Earthquake Basics

  • 6 Number of Resources

3-Component Seismogram Records Seismic-wave Motion
Time: 2m 55s / Level: Novice

We use exaggerated motion of a building (seismic station) to show how the ground moves during an earthquake, and why it is important to measure seismic waves using 3 components: vertical, N-S, and E-W. Before showing an actual distant earthquake, we break down the three axes of movement to clarify the 3 seismograms. 

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Seismograms: Illustrated Guide to Reading a Seismogram (USGS)
Time: 4m 26s / Level: Novice

This USGS video provides a tutorial for anyone interested in interpreting the seismic records on public webicorder displays. Seismometers measure vibrations. More vibration… more wiggle. Some seismometers measure only up and down; some measure up-down, north-south, and east-west motion. 

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Human Wave: Modeling Seismic Waves in the Classroom
Time: / Level: Novice

How can I get across the idea in a classroom activity using no props?

The human wave is used as an analogy for travel times of P and S seismic waves.
This draft video uses arms over shoulders as well as hand holding methods, so read the caveats about the best method (arms over shoulders).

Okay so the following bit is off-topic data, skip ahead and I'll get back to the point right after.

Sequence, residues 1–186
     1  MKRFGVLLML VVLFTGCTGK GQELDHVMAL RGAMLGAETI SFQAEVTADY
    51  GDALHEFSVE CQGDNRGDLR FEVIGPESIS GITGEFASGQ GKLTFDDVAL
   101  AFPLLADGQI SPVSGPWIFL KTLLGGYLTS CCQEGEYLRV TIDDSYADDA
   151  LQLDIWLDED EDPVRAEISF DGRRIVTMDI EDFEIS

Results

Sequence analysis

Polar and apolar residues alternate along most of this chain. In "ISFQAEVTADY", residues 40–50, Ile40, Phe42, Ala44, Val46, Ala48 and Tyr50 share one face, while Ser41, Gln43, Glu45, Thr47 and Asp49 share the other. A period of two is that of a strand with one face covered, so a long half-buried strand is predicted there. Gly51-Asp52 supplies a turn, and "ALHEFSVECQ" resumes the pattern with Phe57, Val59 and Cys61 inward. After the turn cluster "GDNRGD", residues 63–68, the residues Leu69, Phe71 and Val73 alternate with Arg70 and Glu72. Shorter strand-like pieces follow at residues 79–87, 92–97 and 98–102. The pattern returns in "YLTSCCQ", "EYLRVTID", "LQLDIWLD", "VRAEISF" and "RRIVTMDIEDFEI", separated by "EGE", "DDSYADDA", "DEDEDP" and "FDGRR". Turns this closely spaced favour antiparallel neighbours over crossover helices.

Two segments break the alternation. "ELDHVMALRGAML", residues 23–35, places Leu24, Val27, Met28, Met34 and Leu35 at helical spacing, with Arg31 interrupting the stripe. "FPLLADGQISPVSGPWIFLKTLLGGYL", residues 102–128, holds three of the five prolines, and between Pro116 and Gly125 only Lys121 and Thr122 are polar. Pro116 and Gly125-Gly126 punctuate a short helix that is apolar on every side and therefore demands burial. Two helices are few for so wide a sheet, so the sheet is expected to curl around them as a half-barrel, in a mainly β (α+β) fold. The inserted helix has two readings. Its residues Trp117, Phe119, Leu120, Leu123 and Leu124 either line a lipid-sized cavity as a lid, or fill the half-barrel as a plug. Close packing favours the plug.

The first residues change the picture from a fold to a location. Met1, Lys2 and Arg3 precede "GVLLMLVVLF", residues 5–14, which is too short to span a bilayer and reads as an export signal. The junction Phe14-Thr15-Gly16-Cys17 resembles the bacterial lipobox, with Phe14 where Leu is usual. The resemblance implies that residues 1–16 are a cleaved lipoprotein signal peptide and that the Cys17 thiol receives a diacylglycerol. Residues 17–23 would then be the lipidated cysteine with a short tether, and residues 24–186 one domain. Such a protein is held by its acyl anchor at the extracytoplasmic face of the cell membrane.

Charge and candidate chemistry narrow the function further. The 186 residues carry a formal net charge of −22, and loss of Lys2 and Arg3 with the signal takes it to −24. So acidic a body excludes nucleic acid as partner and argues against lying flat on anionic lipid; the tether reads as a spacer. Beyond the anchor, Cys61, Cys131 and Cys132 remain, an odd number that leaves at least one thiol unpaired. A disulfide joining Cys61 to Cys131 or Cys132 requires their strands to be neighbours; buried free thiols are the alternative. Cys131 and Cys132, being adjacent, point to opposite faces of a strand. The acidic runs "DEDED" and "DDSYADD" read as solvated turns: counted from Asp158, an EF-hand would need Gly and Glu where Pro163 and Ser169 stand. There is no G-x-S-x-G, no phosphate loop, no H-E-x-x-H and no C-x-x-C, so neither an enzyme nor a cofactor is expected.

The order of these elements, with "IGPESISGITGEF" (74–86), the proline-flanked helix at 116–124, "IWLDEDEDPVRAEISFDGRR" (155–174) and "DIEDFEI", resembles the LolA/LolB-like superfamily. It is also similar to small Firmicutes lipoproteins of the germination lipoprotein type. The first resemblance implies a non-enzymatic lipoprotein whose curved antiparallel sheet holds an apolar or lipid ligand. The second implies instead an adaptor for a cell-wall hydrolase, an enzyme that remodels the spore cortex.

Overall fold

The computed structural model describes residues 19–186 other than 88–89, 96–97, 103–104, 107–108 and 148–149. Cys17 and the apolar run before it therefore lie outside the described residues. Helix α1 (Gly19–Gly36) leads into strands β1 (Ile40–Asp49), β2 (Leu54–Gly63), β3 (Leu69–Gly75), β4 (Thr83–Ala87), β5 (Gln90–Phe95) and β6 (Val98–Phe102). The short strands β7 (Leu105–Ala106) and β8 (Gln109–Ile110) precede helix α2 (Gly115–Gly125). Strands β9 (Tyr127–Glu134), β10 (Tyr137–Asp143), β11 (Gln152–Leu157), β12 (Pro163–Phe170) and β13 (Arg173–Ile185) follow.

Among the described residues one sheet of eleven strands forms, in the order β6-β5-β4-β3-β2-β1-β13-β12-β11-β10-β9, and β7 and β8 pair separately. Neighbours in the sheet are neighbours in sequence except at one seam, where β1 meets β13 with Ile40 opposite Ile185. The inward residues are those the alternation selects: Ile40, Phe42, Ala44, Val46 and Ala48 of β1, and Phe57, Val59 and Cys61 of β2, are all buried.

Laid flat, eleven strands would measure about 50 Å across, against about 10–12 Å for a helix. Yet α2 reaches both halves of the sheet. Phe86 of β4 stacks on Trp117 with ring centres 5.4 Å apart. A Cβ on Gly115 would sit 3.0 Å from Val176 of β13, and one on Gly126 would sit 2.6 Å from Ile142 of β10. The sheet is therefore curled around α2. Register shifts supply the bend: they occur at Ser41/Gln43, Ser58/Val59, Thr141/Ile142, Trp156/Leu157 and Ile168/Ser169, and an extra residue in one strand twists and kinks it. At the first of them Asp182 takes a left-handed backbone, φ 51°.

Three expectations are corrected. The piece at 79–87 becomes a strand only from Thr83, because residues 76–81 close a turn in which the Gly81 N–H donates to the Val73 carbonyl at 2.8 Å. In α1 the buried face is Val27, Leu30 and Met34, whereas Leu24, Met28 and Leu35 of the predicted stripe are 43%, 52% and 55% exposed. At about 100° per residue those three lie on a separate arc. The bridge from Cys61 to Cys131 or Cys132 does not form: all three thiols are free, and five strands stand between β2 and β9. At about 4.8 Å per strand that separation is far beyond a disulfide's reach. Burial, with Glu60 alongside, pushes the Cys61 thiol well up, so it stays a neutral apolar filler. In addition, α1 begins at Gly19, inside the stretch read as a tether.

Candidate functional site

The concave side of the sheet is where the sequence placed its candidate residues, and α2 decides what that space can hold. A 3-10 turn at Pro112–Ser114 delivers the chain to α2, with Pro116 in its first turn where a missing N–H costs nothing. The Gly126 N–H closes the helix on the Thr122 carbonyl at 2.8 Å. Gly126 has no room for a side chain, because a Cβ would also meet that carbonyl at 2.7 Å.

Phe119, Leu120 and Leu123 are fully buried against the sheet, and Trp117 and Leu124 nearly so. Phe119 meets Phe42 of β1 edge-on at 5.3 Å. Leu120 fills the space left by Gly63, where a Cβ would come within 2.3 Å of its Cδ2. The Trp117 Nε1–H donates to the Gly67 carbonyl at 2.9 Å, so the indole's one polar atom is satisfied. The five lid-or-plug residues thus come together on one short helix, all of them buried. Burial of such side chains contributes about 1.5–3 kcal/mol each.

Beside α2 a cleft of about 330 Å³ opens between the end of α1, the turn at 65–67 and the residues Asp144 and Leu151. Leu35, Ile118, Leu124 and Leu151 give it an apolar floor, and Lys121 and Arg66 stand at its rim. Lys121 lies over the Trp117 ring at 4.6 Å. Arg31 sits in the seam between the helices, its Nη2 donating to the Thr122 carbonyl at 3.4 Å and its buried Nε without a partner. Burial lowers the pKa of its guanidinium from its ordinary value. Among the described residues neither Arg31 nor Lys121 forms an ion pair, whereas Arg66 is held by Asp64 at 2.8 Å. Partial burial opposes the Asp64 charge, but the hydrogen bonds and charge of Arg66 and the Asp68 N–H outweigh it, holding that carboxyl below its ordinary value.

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Seismic Slinky: Modeling P and S waves in the classroom
Time: / Level: Novice

A video demonstration of how a slinky can be a good model for illustrating P & S seismic waves movement.

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Take 2: Can Earthquakes Be Predicted? (Part 1)
Time: 2m / Level: Novice

For an earthquake prediction to be meaningful, it has to specify a time, location, and magnitude range that is unlikely to occur randomly.  Who can predict an earthquake? 

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Take 2: Can Earthquakes Be Predicted? (Part 2)
Time: 2m / Level: Novice

Seismologists would love to be able to predict a major earthquake. Watch Part 1 to learn what is required. This animation compares an earthquake to a heart attack. 

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